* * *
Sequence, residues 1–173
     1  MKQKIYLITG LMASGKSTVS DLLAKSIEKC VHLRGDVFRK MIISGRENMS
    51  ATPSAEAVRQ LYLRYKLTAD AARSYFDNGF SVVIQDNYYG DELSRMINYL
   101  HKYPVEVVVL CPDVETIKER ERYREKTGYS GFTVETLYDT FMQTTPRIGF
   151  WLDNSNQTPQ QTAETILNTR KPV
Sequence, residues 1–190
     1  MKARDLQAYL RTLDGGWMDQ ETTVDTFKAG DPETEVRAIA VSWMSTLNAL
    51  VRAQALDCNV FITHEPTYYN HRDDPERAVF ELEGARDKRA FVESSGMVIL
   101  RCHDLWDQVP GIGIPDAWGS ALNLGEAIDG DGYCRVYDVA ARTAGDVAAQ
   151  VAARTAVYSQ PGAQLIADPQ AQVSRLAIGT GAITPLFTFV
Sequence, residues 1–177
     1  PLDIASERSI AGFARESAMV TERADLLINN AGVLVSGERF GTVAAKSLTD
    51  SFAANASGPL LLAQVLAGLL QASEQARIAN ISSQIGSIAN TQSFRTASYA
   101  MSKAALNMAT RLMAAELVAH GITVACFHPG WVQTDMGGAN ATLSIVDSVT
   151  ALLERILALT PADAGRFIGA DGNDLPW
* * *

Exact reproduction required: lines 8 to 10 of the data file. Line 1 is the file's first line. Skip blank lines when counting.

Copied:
    51  VRAQALDCNV FITHEPTYYN HRDDPERAVF ELEGARDKRA FVESSGMVIL
   101  RCHDLWDQVP GIGIPDAWGS ALNLGEAIDG DGYCRVYDVA ARTAGDVAAQ
   151  VAARTAVYSQ PGAQLIADPQ AQVSRLAIGT GAITPLFTFV